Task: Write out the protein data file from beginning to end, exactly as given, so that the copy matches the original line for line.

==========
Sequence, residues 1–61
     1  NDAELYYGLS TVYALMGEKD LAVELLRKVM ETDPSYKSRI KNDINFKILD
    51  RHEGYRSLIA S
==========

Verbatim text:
Sequence, residues 1–61
     1  NDAELYYGLS TVYALMGEKD LAVELLRKVM ETDPSYKSRI KNDINFKILD
    51  RHEGYRSLIA S